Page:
- Due diligence often focuses on the three Ps: people, philosophy, and process.
- There is an important 4th P: performance.
- When a portfolio has a consistent process, performance can ebb and flow as the strategy goes in or out of favor. For example, value stocks have been out of favor for 8 years.
- If a strategy goes through an extended period of underperformance, we must ask whether the process is fundamentally broken or whether we have just gone through a period we would expect the process to underperform during
When we go through due diligence, the questions often focus on “the three Ps”: people, philosophy, and process.
Let’s be honest though: there is a 4th P and it’s “performance”.
The constant tug of war in asset management is between process and performance. This is particularly true for a rules-based manager.
On the one hand, as a rules-based manager you’ve been hired for your consistent process. A significant change to your rules is really tantamount to a manager change.
On the other hand, during a period of bad performance, everyone will ask: “is your process broken?”
As a portfolio manager, you’re stuck between a rock and a hard place. If you do change your process, you’ve signaled that your process is now flexible. You are no longer truly rules-based because the rules are subject to change on a whim.
If you don’t change your process, however, and performance continues to be lackluster, then you’re the stubborn mule of a manager who was too arrogant to recognize the flaw in their process.
The reality is, however, that the market often moves in waves, rewarding different investment styles at different times.
Consider, for example, the popular investment factors like “size” and “style.” Evidence suggests that investors are rewarded with excess risk-adjusted returns for allocating towards small-cap stocks over large and for value stocks over growth.
And, over a long enough horizon, this often plays out. We can see this by looking at the ratio of the S&P 600 (small-cap) versus the S&P 500 (large-cap) ETFs IJR and SPY.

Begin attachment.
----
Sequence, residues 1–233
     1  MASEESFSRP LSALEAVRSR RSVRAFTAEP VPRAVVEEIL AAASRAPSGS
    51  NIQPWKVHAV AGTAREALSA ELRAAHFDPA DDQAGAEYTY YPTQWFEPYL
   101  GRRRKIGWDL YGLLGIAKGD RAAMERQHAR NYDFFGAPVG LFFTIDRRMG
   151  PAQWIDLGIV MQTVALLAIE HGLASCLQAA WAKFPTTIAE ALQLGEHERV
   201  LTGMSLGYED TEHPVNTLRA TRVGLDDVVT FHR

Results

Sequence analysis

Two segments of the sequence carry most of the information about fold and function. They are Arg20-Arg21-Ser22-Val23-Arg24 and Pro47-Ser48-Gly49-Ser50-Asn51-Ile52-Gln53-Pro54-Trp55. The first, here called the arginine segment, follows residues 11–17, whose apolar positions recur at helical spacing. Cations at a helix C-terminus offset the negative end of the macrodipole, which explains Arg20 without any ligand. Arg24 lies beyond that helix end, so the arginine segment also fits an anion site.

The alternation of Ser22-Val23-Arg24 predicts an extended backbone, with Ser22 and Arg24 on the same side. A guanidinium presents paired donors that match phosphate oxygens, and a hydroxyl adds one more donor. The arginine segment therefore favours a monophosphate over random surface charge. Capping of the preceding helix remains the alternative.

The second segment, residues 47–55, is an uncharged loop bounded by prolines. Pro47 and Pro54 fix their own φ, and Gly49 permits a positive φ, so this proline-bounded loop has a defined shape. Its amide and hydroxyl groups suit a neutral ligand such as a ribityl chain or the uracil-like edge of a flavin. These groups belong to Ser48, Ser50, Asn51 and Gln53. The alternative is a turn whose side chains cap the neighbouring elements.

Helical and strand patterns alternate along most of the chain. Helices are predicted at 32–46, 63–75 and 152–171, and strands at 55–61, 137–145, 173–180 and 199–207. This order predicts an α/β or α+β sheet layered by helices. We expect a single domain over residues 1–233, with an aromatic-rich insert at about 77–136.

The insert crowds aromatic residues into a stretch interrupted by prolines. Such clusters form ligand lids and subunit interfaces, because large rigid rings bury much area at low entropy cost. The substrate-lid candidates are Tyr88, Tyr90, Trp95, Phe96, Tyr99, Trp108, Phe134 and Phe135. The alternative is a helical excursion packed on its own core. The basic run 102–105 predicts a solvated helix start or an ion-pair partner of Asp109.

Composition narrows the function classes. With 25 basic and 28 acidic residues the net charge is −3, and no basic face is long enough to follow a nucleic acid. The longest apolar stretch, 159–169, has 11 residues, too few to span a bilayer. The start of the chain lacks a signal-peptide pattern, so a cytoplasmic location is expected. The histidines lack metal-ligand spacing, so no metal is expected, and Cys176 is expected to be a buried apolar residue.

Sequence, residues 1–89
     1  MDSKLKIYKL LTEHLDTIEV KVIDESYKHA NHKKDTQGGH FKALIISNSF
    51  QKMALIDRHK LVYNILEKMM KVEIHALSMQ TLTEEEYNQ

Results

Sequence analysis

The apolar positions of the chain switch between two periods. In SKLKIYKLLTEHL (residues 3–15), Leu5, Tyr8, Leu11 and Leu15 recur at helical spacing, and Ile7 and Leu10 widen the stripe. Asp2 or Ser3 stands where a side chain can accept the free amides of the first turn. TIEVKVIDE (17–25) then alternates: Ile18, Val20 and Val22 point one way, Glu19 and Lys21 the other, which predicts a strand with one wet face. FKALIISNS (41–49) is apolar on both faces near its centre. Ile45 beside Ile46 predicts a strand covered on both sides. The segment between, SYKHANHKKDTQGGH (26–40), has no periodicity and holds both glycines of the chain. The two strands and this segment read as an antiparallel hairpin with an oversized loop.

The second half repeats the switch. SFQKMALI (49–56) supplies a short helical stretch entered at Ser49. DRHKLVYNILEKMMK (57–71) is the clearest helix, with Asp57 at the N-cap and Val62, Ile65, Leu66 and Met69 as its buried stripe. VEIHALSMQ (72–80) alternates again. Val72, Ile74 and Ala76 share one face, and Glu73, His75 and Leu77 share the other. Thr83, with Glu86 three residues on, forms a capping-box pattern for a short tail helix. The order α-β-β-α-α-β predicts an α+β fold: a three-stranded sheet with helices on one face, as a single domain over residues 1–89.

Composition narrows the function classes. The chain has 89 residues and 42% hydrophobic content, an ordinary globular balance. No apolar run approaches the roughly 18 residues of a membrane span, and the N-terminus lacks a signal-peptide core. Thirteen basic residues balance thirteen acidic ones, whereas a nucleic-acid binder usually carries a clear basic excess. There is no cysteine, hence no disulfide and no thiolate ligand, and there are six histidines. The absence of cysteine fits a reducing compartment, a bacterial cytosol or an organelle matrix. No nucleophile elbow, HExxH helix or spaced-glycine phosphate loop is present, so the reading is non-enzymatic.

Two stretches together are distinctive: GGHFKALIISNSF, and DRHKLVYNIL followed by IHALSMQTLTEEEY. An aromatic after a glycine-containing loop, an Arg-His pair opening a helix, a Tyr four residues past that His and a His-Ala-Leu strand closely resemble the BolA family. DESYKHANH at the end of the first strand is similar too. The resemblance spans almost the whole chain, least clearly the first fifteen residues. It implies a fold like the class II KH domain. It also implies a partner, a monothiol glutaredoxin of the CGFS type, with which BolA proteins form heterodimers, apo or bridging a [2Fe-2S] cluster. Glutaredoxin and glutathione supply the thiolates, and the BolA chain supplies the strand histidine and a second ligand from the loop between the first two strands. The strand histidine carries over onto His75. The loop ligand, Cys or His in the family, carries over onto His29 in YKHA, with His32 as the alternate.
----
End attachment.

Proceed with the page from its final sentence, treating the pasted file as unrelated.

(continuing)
Every dollar invested in small-caps 15 years ago is now worth almost 2x as much as a dollar invested in large-caps.
Yet there were sub-periods that may have tested an investor’s fortitude. Consider 2006 through 2008.
By January 2008, would we be asking ourselves if small-cap stocks lost their mojo? Would we ask if “this time is different?” Should we change our process?
That was a period less than two years. Can you imagine if the same underperformance went on for close to a decade?
Welcome to value investing post-2007.
Since peaking on May 2nd, 2006, growth stocks have out-performed value stocks by nearly 50 percentage points. A dollar invested in value stocks is worth $1.55 today whereas a dollar invested in growth stocks is worth $2.03.
To put that in more meaningful terms, if we invested $100,000 in each, we’d have almost an extra $50,000 from investing in growth stocks.
Probably somewhat needless to say, but value managers are having a bad decade.
That’s not supposed to happen, right? Isn’t value supposed to out-perform growth? Well, we only have to rewind the clock to the late 1990s to remember that value can underperform growth for a sustained period.
The same is true for all strategies: each process has a market it thrives in and a market it struggles in.
It is easy to look at long-term historical averages and say, “I want that.” Nobody is going to look at the long-term performance of value versus the market and say, “no thanks.”
But average is not annual.
The reality is, the year-to-year often has a lot more relative volatility. Achieving that long-term relative outperformance with value means sometimes having to stick through nearly a decade of underperformance.
Trend-following is no different.
It is easy to look at how well trend following did in previous bear markets and say, “I want that.” It easy to summarize trend following in 2008 with a few numbers that distill the year-and-a-half period.
But living through the week-to-week is a totally different story.
The last two weeks have been particularly difficult for trend followers, with the S&P 500 rallying just over 4.4% after a fairly negative momentum period.
We must remind ourselves, however, that high volatility cuts both ways. Bear markets often have weeks, or even months, that the market rips higher. That’s what we get with manic depressive market behavior.
In fact, this is exactly what we saw in early days in 2008. The first few months after the peak in 2007 were actually less bearish than the sell-off in 2011.
And we all know how that turned out.
That isn’t to say we’re about to see another 2008. But it serves as a reminder that we don’t want to over-react to a single week’s performance. If we want the long-term benefit, sometimes we have to grin and bear the short-term noise.